A new decade is officially upon us, bringing with it anticipated growth in artificial intelligence (AI), with the market projected to reach $200 billion by 2026, according to a Fortune Business Insights report.
But while AI remains a “sexy” topic with significant potential to impact markets, like increasing operational efficiency in manufacturing or enhancing customer service in retail, AI marketers are facing an uphill battle to demonstrate the validity of their solutions as we enter the new decade.
Why? Many companies are still undecided on the need for AI technology adoption, and those that are on board, are still grappling with the complexities of implementation...especially at enterprise scale. In fact, many need more tangible information in order to evaluate the opportunities for their business and justify the cost, while others will want to wait and see how the road gets paved by early adopters.
So, as the AI market continues to mature, the burden of proof will only get higher. AI companies will no longer be able to get away with the “sexiness” of their tech with surface-level descriptors and demos and no customer use cases or case studies to be found. Simply put - as AI enters the mainstream - potential customers and reporters are demanding objective reasons to believe, which will increasingly rest on marketing’s shoulders.
Here are three strategies you can deploy to start getting real with your AI marketing efforts in 2020, and beyond:
1. Customer-centric storytelling (with or without customers)
Across the industry, customer success stories are essential for demonstrating credibility and are critical to fueling the marketing and sales machine. A lack of customer use cases is one of the biggest gaps we continue to see with AI software companies rushing to market.
Lacking referenceable customer examples? Below are a few best-practice processes and creative approaches to customer-centric storytelling:
Build marketing agreements into the sales process - the most effective customer success programs are often those that are ironed out as part of the original customer deal. That way, your sales team isn’t immediately following up on contract signature with a “favor” as marketing and communication participation is baked into the deal.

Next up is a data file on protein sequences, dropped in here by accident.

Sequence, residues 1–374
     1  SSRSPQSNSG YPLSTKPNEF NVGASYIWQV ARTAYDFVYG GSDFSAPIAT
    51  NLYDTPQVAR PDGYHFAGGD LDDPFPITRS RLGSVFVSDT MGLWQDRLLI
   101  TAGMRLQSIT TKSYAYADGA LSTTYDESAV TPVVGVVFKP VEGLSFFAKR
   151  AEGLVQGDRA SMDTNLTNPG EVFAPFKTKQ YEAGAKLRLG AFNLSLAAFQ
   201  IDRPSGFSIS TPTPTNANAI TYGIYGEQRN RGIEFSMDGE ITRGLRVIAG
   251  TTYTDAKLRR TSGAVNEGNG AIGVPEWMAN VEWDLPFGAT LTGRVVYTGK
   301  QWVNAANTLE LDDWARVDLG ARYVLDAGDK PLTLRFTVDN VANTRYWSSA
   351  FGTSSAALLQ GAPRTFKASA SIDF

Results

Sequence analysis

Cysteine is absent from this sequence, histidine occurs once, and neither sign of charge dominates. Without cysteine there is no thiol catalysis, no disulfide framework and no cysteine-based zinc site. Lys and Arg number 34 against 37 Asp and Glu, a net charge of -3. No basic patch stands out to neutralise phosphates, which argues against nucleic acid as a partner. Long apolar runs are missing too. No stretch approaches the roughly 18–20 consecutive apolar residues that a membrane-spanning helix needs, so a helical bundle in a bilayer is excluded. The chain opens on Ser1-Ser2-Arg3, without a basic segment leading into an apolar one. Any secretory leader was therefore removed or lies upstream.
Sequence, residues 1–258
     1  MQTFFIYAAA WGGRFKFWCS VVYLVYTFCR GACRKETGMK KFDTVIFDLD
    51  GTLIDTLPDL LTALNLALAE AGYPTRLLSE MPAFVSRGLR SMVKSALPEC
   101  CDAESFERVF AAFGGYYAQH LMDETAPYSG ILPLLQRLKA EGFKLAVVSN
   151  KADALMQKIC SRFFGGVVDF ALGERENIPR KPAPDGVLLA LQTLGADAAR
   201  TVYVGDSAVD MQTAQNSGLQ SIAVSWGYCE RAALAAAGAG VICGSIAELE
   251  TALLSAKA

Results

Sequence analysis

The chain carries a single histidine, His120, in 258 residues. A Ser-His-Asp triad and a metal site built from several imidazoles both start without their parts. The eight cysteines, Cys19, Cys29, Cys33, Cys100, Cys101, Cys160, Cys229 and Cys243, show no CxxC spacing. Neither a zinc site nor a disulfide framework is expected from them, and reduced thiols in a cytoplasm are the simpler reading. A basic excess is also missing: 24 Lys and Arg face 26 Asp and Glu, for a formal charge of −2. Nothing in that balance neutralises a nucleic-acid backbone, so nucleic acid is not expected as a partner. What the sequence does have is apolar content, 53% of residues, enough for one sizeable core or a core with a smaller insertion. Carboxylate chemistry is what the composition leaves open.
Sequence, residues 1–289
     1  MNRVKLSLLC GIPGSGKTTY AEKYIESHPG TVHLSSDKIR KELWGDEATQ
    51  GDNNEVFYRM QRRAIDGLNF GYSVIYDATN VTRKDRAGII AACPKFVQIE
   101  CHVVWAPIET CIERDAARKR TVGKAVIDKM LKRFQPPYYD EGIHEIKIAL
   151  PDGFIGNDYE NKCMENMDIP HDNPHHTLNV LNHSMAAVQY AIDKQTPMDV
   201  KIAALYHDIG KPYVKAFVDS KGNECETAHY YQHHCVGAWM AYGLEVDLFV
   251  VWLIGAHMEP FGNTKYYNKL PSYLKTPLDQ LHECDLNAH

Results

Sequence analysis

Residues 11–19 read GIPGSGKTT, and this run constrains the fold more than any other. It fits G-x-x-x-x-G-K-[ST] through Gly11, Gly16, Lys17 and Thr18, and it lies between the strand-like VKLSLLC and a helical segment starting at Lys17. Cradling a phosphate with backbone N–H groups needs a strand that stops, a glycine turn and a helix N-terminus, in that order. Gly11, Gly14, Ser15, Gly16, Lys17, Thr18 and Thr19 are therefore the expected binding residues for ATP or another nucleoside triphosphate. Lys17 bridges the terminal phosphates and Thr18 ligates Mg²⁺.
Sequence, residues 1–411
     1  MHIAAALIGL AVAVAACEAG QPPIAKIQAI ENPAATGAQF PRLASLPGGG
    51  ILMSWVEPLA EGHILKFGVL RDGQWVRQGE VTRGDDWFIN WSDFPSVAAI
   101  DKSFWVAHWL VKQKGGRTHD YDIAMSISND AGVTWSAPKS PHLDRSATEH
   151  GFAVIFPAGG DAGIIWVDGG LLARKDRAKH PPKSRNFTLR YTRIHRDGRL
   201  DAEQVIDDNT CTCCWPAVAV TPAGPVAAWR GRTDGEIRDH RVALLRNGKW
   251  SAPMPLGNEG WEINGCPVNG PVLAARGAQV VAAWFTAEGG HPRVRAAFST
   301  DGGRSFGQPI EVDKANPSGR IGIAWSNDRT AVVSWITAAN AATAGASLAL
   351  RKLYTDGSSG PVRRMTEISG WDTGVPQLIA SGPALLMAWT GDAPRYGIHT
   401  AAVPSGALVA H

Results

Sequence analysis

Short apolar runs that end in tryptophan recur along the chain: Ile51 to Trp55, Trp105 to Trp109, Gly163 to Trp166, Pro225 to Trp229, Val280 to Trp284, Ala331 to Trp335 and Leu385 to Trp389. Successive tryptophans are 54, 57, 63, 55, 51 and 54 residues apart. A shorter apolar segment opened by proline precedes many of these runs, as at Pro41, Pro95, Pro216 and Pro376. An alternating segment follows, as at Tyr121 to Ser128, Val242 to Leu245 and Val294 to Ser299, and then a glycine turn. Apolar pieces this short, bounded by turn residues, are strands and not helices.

Comfy with a little risk? Fill your news pipeline with anticipated customer momentum, communicating “installations in progress at X customer sites across X markets, expected to be up and running by X date...” And if your customers are recognizable by their descriptor alone, reference them indirectly with phrases like “one of the largest e-commerce retailers in the U.S.” or “same-day grocery delivery tech company,” etc. The key here is to be confident enough about what’s in progress that you are comfortable being bullish with creative communication strategies.
Proof points as customer story substitutes - gather a list of stats that help paint a picture of your AI solutions’ business impact. Metaphors and comparisons are helpful tools to bring data points to life, like “AI solution X can process data that would fill the entire ocean in X seconds/minutes/hours.” Positioning statements like this can be used across marketing and sales materials as well as arm your PR team’s pitches, describing functionality and capabilities in a more creative and compelling way.
2. Educate potential buyers on why AI, and why now (your solution implied…)
Knowing the common barriers to AI adoption - buyers need justification and the complexities of integration - nurturing customers down your sales funnel will most definitely require education on why now is the right time for AI implementation.
Gated content marketing pieces can be an effective tool to offer thought leadership from an educational perspective while generating leads for the sales funnel. Consider developing a playbook designed for decision-makers to help inform why AI, why now for their business and market, and the types of solutions they should consider for their unique business needs - making sure these non-promotional recommendations are largely supported by your company’s AI solution.
Then put your resources behind amplifying that content across channels with paid and earned tactics, and watch right-fit leads roll in the door.
3. Integration as a key differentiator
One of AI’s largest hurdles for adoption is in the complexity of integration into existing cloud infrastructure and/or with legacy on-premise systems. Does your company boast differentiating capabilities when it comes to systems integration, and how you partner with companies to successfully implement and train people to use the AI model? If so, you should be shouting it from the rooftops.
These are just a few thought-starters on how you as tech marketers can help bring your company’s solutions to life as AI experiences the growing pains of market maturation.
Need help devising your AI marketing strategies in 2020? Get in touch to learn more.